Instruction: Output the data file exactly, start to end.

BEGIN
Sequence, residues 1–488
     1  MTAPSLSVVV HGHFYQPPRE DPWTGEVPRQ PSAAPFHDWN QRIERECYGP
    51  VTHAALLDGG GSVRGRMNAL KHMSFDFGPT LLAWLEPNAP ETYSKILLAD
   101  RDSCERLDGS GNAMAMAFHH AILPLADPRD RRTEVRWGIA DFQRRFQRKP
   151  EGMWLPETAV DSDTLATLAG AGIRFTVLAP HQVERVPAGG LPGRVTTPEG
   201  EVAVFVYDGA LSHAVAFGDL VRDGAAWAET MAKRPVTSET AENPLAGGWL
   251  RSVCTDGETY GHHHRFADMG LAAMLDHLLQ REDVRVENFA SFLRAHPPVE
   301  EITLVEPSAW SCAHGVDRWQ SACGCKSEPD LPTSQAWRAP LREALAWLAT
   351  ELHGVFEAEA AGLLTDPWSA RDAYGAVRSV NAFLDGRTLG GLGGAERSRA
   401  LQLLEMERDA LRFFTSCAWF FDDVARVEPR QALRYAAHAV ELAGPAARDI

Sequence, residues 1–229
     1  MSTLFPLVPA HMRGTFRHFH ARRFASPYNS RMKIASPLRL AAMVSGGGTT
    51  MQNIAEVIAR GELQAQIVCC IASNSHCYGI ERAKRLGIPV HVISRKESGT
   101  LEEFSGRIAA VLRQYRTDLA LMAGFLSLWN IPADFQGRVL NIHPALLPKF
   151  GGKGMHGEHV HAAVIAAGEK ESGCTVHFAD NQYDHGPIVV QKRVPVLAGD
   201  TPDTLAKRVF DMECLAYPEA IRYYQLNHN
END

Sequence, residues 1–488
     1  MTAPSLSVVV HGHFYQPPRE DPWTGEVPRQ PSAAPFHDWN QRIERECYGP
    51  VTHAALLDGG GSVRGRMNAL KHMSFDFGPT LLAWLEPNAP ETYSKILLAD
   101  RDSCERLDGS GNAMAMAFHH AILPLADPRD RRTEVRWGIA DFQRRFQRKP
   151  EGMWLPETAV DSDTLATLAG AGIRFTVLAP HQVERVPAGG LPGRVTTPEG
   201  EVAVFVYDGA LSHAVAFGDL VRDGAAWAET MAKRPVTSET AENPLAGGWL
   251  RSVCTDGETY GHHHRFADMG LAAMLDHLLQ REDVRVENFA SFLRAHPPVE
   301  EITLVEPSAW SCAHGVDRWQ SACGCKSEPD LPTSQAWRAP LREALAWLAT
   351  ELHGVFEAEA AGLLTDPWSA RDAYGAVRSV NAFLDGRTLG GLGGAERSRA
   401  LQLLEMERDA LRFFTSCAWF FDDVARVEPR QALRYAAHAV ELAGPAARDI

Sequence, residues 1–229
     1  MSTLFPLVPA HMRGTFRHFH ARRFASPYNS RMKIASPLRL AAMVSGGGTT
    51  MQNIAEVIAR GELQAQIVCC IASNSHCYGI ERAKRLGIPV HVISRKESGT
   101  LEEFSGRIAA VLRQYRTDLA LMAGFLSLWN IPADFQGRVL NIHPALLPKF
   151  GGKGMHGEHV HAAVIAAGEK ESGCTVHFAD NQYDHGPIVV QKRVPVLAGD
   201  TPDTLAKRVF DMECLAYPEA IRYYQLNHN